Despite Angelina Rose, I still had a great time. Not only because I practically got a standing ovation when I held the word “touch” for fifty-seven seconds, but also because another woman in our group was going through a tumultuous divorce; it made for a very juicy conversation over eggplant Parmesan. I couldn’t wait to get home to tell Peter and was taking very meticulous mental notes.
There is nothing that annoys me more than when Peter comes home from playing golf for seven hours with three other men and has no stories to tell me, no scoop, nada. This is how a typical conversation will go.
How was golf?
Well, did you play fine enough to win any money?
Yes, eleven dollars.
Great. We’ll put that towards our $550 monthly country-club fees. Fiscally, joining the club is really working out. Well, you played with Ted, right?
Ooooh, what is happening with them? Are they still separated?
I don’t know. We don’t talk about that stuff.
What do you mean you don’t talk about it? Ted’s been your friend for six years. He put a tracking device on the roof of his wife’s Range Rover and discovered it was parked at her personal trainer’s house for four-hour blocks in the middle of the afternoon every day for two weeks, and she had gained weight. Well, what is up with the personal trainer she had met while in rehab for her addiction to Oxycontin?
I don’t know. I didn’t ask.
I didn’t either, but somehow I got your friend Ted to tell me the whole scandalous made-for-TV Lifetime movie between the piñata and the blowing of five candles at some kid’s birthday party. So, let me get this straight. You get to be gone all day and bring absolutely nothing home to entertain me with. How is your golf in any way benefiting me?
Seriously, it’s so frustrating. It’s not like Peter doesn’t love to gossip. I tell him everything that is happening at work and with my single girlfriends, as well as my married girlfriends, and he eats it up like a Gamma Phi Beta sorority sister. I’m sorry, but I think Peter not prying is just downright selfish. The only thing he brings home is his sunburned cheeks that are exasperated by his rosacea, and I’m forced to put Laura Mercier’s tinted moisturizer on his face before we leave as a couple to a cocktail party.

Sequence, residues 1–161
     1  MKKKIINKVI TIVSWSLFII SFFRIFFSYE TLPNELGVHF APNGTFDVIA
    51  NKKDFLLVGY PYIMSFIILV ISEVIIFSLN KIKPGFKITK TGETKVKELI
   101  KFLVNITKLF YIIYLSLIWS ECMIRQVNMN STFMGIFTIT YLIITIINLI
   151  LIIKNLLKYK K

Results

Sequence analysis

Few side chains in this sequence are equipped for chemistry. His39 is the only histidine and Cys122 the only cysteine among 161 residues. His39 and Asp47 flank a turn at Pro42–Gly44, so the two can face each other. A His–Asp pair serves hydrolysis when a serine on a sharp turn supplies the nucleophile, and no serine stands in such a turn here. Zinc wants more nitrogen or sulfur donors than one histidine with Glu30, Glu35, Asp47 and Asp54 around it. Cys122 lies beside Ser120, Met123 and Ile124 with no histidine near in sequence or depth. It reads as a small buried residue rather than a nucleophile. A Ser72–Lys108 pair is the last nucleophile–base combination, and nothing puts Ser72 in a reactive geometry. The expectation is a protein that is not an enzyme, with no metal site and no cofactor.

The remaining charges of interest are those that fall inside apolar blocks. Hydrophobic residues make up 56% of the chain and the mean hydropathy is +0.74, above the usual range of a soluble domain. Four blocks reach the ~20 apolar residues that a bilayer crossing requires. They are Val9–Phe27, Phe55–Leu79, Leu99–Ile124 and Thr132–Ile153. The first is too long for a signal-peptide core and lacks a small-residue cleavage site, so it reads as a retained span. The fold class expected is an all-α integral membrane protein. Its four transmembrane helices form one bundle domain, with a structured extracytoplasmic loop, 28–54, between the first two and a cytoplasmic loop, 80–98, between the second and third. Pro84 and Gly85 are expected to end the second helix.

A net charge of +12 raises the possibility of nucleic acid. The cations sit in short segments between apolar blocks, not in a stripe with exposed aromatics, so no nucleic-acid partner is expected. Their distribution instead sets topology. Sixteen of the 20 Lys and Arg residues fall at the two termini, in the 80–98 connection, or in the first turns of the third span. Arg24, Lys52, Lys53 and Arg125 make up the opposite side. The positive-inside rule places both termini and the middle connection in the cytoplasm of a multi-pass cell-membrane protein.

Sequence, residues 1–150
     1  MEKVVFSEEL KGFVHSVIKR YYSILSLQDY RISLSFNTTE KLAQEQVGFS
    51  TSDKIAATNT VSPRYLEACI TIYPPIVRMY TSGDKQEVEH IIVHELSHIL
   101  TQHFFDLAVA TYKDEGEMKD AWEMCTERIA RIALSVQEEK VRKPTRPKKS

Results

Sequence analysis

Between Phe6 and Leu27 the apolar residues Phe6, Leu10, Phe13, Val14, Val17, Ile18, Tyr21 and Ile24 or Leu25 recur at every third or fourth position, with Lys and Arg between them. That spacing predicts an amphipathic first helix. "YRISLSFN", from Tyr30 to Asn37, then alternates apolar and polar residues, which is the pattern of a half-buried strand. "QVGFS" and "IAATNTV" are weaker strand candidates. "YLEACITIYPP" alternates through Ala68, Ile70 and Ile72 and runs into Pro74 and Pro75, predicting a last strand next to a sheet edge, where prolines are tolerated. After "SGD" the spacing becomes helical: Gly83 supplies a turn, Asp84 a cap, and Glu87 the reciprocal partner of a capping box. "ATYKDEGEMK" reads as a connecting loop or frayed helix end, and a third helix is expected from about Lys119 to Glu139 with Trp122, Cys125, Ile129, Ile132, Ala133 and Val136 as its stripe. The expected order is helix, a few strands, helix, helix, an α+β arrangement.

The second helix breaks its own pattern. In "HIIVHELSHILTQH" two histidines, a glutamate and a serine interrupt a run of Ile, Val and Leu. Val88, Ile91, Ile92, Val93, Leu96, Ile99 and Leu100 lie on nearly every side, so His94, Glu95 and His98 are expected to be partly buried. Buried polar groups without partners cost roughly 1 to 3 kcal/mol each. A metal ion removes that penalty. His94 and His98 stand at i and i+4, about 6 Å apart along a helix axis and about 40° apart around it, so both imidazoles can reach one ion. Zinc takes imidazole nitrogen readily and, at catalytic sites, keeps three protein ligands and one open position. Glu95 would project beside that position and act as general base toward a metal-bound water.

I kept running into Angelina Rose at pool and dinner parties, and each time she would tell me what a genius her daughter, Sophia, was and since she felt St. Ignatius was not going to be challenging enough for her they were looking into alternative schools. The kid was fine, but it wasn’t like she was playing Beethoven or reading The Wall Street Journal. She was just like all the other kids jumping around and whining to get their mom’s attention.
One time, at a Halloween party, Angelina Rose was talking about her favorite subject, Sophia, and how she is so smart it’s downright scary. My friend Anna was there, talking about her son, Mikey, who is the same age as Sophia, and Angelina Rose interrupted and said mockingly, “I’m sorry, Anna, but I saw Mikey’s first-grade homework, and Sophia was doing that same stuff in kindergarten at Whispering Meadows. St. Ignatius is so behind.”